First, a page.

As OITNB heads into the end of its third season, the narrative focus shifts away from the institutional nuts and bolts in order to refocus back to the ladies.
Let’s bitch it out…
Continuing the narrative split that begin in the last episode, Alex (Laura Prepon) and Piper (Taylor Schilling) drift apart. Alex’s obsession with Lolly (Lori Petty) makes her (according to Piper) “annoying” and her obsession ultimately drives her to attack Lolly (one of two concurrent bathroom attacks). The physical altercation reveals that Lolly isn’t an assassin so much as a paranoid, government conspiracy nut. Oops!
Unfortunately for Alex, her recent behaviour has rubbed Piper the wrong way. As the burgeoning Whispers panties business takes off, Piper grows closer – predictably – to Stella (Ruby Rose) and it’s not long before they initiate a sexual relationship. It’s likely we’ll learn how the new couple handles adversity in the near future now that their panty mules have realized how profitable the business is. A rebellion seems likely…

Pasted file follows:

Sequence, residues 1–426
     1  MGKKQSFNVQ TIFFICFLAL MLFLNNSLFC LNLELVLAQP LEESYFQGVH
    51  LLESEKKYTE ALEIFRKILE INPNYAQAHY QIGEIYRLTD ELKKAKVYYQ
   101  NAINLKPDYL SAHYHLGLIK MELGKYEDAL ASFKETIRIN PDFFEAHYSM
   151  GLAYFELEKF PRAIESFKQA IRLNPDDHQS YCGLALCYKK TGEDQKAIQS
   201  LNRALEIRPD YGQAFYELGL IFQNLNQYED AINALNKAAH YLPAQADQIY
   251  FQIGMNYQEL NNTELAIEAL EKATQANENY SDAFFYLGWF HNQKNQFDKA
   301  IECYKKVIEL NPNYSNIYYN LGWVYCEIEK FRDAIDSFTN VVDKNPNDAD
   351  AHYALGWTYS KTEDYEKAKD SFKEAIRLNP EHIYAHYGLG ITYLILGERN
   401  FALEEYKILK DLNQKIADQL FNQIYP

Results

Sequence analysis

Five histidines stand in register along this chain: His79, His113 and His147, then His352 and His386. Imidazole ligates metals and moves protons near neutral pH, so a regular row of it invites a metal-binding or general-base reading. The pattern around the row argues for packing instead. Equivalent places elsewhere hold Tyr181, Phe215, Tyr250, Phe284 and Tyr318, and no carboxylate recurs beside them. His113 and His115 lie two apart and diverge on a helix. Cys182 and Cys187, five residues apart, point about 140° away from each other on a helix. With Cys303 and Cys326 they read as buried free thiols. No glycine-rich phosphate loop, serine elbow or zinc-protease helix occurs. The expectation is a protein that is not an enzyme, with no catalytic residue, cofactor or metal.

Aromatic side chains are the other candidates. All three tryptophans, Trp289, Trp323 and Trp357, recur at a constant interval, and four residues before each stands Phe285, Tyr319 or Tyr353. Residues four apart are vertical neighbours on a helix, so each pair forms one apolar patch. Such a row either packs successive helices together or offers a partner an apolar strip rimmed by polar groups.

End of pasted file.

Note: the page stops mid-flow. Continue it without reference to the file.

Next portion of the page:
- Side bar: I’m unsure how to feel about the sexualized portrayal of Stella during ‘Where My Dreidel At.’ Did she really need to stand around naked for a few minutes while Piper salaciously gawks at her tattoo’d body? Seems a little exploitative to me.
The cult of Norma (Annie Golden)
The emergence of religion – and more specifically Norma’s group – has been an interesting narrative thread in S3. At this point it has moved beyond Norma’s ascension in order to focus on the differences between members of the group, specifically Leanne (Emma Myles) and Soso (Kimiko Glenn). Despite Soso’s comedic inability to know when to shut up, she’s been a relatively sympathetic figure (her obliviousness is usually endearing). Leanne, on the other hand, has always been a mildly abrasive character. In her flashbacks, we learn how vitally important Leanne’s religion is to her as a former member of an Amish community. There’s a struggle in the younger version of the character – a desire to be a little bad (sneaking away to deal drugs) that contradicts her passion for a higher purpose.